Lent 2023 | Day 05: The Gospel’s Purpose

The Gospel's Purpose

In the previous post, we looked at the Gospel’s Focus. That the good news of Jesus Christ is found in his death, burial, and resurrection. And by this, the problem of sin is dealt with. Sin is the obstacle that prevents me from having a relationship with God. Therefore, if this issue is not resolved, then I am unable to reestablish any fellowship with God. I do not have the ability to live according to the righteousness God requires in my own strength.

The Gospel’s Purpose Restablishes Fellowship

This latter reality is the Gospel’s Purpose: To reestablish fellowship between human beings and God.

The Gospel addresses the issue of sin so that I might have fellowship with God. That is why the Gospel exists, must be proclaimed, and ultimately believed. Every single one of us needs to have fellowship with God. In that fellowship, we can finally discover our purpose and live in peace. Without that fellowship, we flounder trying to determine why exist.

Of the many reasons we struggle in life, our limited knowledge and wisdom create the greatest challenges. When we try and make decisions, chart a course for living, or simply try to communicate with others, we are limited by what we know. And potentially harmed by what we don’t. The difference between these two is not always felt. But the risk is always present.

Decisionmaking in the Dark

So often in life, we make decisions and choices in the dark. We really don’t know what we should do next. No matter how hard we try. We try to mitigate the mistakes we make. But that only works when we have a sense of the scope of the consequences. And again, most times we simply do not.

In reality, we are just doing the best we can. And there is nothing inherently wrong with this.

But what if we could consult with someone who knew what was coming? What if we could seek the wisdom of someone who had “seen in all before”? How would that change how we live?

I think it would reduce the anxiety many of us feel when trying to make sense of the world. Having someone who can warn us of danger and redirect our steps would save us a lot of heartache.

However, what tends to happen is we dismiss this possibility when it comes to God. We have been trained to believe this is wishful thinking. That to trust in God is to rely on whims of fancy. But, who else can we trust?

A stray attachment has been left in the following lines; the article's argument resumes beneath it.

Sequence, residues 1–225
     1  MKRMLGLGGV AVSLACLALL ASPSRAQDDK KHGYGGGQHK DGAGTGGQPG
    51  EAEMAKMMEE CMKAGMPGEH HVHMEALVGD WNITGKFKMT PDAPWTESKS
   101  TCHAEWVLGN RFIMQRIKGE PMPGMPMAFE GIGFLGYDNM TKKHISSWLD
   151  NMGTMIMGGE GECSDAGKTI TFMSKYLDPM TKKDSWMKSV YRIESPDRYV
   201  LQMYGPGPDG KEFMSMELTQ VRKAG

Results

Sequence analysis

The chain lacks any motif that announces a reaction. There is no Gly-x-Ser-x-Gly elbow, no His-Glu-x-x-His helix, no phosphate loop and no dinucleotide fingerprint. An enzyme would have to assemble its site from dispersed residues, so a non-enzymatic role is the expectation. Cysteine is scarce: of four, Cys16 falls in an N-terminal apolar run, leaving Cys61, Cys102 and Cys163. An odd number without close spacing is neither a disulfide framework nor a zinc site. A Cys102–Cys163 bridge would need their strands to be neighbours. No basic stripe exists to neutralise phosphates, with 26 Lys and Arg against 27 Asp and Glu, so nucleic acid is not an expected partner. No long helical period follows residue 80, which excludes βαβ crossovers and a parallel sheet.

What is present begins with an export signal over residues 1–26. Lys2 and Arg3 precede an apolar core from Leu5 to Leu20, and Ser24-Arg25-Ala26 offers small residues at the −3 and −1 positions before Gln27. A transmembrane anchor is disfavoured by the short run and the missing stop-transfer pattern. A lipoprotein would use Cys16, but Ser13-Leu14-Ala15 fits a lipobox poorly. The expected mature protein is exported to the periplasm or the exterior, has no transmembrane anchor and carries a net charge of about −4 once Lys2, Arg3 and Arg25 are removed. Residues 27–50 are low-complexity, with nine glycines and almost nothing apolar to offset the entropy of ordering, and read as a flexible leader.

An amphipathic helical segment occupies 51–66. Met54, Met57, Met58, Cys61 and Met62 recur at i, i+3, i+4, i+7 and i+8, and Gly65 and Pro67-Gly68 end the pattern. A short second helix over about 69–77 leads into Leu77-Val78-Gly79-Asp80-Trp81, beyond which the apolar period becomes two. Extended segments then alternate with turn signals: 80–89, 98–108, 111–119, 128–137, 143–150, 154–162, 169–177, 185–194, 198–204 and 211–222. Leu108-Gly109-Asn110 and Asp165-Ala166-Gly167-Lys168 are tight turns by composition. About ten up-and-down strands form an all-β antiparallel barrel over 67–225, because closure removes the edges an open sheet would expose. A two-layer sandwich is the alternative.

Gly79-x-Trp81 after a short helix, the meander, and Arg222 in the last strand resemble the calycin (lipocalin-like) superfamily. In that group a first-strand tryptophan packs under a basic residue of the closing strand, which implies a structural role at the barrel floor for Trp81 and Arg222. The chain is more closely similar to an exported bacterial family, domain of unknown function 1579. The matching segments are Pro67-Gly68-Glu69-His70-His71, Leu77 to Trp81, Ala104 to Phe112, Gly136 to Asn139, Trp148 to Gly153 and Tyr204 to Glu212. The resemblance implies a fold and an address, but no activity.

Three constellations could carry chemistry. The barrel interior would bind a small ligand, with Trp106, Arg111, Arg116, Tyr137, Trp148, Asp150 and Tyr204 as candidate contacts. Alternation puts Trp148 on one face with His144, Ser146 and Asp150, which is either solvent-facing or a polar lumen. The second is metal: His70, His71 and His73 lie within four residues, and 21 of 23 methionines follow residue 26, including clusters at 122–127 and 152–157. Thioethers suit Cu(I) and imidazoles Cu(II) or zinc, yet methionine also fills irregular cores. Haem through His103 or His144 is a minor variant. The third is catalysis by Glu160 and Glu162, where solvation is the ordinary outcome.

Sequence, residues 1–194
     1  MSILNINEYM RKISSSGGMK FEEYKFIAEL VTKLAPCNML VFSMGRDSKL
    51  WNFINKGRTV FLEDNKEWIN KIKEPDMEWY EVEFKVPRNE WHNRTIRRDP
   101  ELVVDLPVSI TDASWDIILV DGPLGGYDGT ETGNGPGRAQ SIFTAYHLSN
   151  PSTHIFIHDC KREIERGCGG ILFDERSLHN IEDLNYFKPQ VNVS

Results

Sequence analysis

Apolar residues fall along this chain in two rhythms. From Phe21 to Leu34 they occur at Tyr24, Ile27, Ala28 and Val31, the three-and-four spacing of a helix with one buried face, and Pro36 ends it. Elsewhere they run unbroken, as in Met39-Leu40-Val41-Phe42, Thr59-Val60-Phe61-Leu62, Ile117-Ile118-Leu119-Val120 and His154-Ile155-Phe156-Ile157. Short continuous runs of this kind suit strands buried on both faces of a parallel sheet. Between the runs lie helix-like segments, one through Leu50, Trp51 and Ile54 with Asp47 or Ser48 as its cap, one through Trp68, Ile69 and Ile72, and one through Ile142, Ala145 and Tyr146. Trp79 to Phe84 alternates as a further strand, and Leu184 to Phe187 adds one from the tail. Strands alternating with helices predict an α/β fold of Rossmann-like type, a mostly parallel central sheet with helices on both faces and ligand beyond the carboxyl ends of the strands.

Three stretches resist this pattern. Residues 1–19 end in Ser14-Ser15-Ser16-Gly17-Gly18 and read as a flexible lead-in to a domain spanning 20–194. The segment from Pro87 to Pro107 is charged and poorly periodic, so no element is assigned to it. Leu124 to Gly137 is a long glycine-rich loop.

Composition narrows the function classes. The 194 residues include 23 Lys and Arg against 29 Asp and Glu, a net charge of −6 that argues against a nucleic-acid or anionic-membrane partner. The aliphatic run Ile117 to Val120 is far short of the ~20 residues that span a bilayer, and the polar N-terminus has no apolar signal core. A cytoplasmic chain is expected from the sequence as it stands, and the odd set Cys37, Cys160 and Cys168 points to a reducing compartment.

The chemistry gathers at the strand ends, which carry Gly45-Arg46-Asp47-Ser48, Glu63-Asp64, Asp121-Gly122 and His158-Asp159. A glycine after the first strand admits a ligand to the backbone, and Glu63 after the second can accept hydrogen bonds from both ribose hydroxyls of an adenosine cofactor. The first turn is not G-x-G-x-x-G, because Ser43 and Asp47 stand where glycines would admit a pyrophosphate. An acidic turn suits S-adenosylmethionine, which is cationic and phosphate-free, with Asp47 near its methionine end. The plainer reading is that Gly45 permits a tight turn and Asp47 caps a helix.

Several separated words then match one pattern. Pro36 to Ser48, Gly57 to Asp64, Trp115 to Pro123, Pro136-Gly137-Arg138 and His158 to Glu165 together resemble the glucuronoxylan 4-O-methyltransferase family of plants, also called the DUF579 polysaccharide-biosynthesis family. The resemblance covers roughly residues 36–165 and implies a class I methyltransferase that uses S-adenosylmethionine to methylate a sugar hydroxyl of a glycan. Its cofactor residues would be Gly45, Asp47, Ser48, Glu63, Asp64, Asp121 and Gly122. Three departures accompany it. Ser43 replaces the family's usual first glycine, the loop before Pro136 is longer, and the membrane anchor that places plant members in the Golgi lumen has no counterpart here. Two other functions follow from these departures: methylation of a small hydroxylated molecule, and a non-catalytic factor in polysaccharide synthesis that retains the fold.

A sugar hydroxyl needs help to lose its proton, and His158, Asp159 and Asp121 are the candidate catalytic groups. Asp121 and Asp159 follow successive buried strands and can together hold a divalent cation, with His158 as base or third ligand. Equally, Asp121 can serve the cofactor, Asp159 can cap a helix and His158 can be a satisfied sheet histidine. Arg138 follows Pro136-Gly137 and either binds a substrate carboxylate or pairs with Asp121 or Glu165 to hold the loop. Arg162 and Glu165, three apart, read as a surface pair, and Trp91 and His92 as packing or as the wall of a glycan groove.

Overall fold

The Gospel Addresses the Fundamental Problem

The Gospel speaks to the critical issue hindering us in life. We are not perfect. In every case we can imagine, we are deeply flawed. Sometimes bemused by our own decisions. At other times because of the decisions and actions of others. Regardless of the reason, the truth remains the same, we are all looking for something that will make life easier. Or at the very minimum, more tolerable.

Why then does faith in God get dismissed? Could it be because we inherently know that our fellowship had been broken? That there is something that must happen in order to re-enter the conversation with God?

It may be difficult for some to see this, but I think this is more the truth of the situation than many are ready to admit. We all instinctively recognize that if we are flawed beings there should be at least one being marked by utter perfection. It only makes sense. And yet, when offered an opportunity to explore the possibility of having a relationship with such a being, it is cast aside.

This is truly a remarkable set of circumstances.

The Gospel Speaks to our Deep Longing

So, what does this have to do with the Gospel’s purpose? Namely this: if one of the greatest longings of the human soul is to find perfection, then why do we balk at the idea of that perfection being found in God?

If God exists, he would have standards. And those standards would be far more demanding than any we could think up. And this is the reality that the Gospel posits.

God exists. And God has standards. But he has also provided a way of resolving the problem. We have to trust in the method and means God has provided for the restoration of fellowship.

God is not asking us to pay for the reason the rupture in fellowship exists. That is not God’s demand or expectation.

What God asks of us is to accept the way he has provided to reestablish fellowship.

About the author

Victor Scott

I am a disciple of Jesus Christ, husband, father, and author. I am an avid Cubs fan and a lover of Chicago-style Deep Dish pizza.

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